Well, option one is oftentimes the easier route. Option two is always the more authentic one. And all of these scenarios involve a level of discomfort, even in the best case. And I'll say that over time, my ability to navigate this complicated map has gotten easier. But the discomfort is still there.
Now, I won't stand here and pretend like I've mastered this, it's pretty far from it. And there are days when I still allow option one to take place because option two is just too hard or too risky. There's no way to be sure of anyone's reaction, and I want to be sure that folks have good intentions, that people are good. But we live in a world where someone's opinion of my existence can be met with serious threats to me or even my family's emotional or physical safety. So I weigh the costs against the risks and sometimes the safety of my family comes before my own authenticity. But despite this risk, I know as Elliot gets older and grows into her consciousness and language skills, if I don't correct people, she will. I don't want my fears and insecurities to be placed on her, to dampen her spirit or make her question her own voice. I need to model agency, authenticity and vulnerability, and that means leaning into those uncomfortable moments of being "momed" and standing up and saying, "No, I'm a dad. And I even have the dad jokes to prove it."
Now, there have already been plenty of uncomfortable moments and even some painful ones. But there's also been, in just two short years, validating and at times transformative moments on my journey as a dad and my path towards authenticity. When we got our first sonogram, we decided we wanted to know the sex of the baby. The technician saw a vulva and slapped the words "It's a girl" on the screen and gave us a copy and sent us on our way. We shared the photo with our families like everyone does and soon after, my mom showed up at our house with a bag filled—I'm not exaggerating, it was like this high and it was filled, overflowing with pink clothes and toys. Now I was a little annoyed to be confronted with a lot of pink things, and having studied gender and spent countless hours teaching about it in workshops and classrooms, I thought I was pretty well versed on the social construction of gender and how sexism is a devaluing of the feminine and how it manifests both explicitly and implicitly. But this situation, this aversion to a bag full of pink stuff, forced me to explore my rejection of highly feminized things in my child's world.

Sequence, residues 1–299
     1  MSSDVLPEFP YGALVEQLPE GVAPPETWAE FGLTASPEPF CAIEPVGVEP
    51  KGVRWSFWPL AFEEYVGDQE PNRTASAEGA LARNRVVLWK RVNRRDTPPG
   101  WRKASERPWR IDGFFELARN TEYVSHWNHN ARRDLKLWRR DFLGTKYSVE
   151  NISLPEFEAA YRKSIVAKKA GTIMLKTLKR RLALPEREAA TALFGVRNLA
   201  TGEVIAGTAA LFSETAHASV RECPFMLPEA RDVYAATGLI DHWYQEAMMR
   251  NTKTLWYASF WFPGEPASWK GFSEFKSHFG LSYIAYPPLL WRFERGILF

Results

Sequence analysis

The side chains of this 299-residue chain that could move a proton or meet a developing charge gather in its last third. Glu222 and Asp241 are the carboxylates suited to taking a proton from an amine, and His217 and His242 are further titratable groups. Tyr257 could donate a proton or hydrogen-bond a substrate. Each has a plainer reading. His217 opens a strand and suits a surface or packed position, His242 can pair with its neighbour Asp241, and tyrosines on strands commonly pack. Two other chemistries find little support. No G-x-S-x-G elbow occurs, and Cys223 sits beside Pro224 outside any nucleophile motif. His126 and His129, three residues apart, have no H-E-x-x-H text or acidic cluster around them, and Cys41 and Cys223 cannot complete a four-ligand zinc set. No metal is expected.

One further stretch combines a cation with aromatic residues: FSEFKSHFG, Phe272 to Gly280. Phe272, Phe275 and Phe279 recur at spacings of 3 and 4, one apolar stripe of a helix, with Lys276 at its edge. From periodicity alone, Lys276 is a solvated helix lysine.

I realized that I was reinforcing sexism and the cultural norms I teach as problematic. No matter how much I believed in gender neutrality in theory, in practice, the absence of femininity is not neutrality, it's masculinity. If I only dress my baby in greens and blues and grays, the outside world doesn't think, "Oh, that's a cute gender-neutral baby." They think, "Oh, what a cute boy." So my theoretical understanding of gender and my parenting world collided hard. Yes, I want a diversity of colors and toys for my child to experience. I want a balanced environment for her to explore and make sense of in her own way. We even picked a gender-neutral name for our female-born child. But gender neutrality is much easier as a theoretical endeavor than it is as a practice. And in my attempts to create gender neutrality, I was inadvertently privileging masculinity over femininity. So, rather than toning down or eliminating femininity in our lives, we make a concerted effort to celebrate it. We have pinks among the variety of colors, we balance out the cutes with handsomes and the prettys with strongs and smarts and work really hard not to associate any words with gender. We value femininity and masculinity while also being highly critical of it. And do our best to not make her feel limited by gender roles. And we do all this in hopes that we model a healthy and empowered relationship with gender for our kid.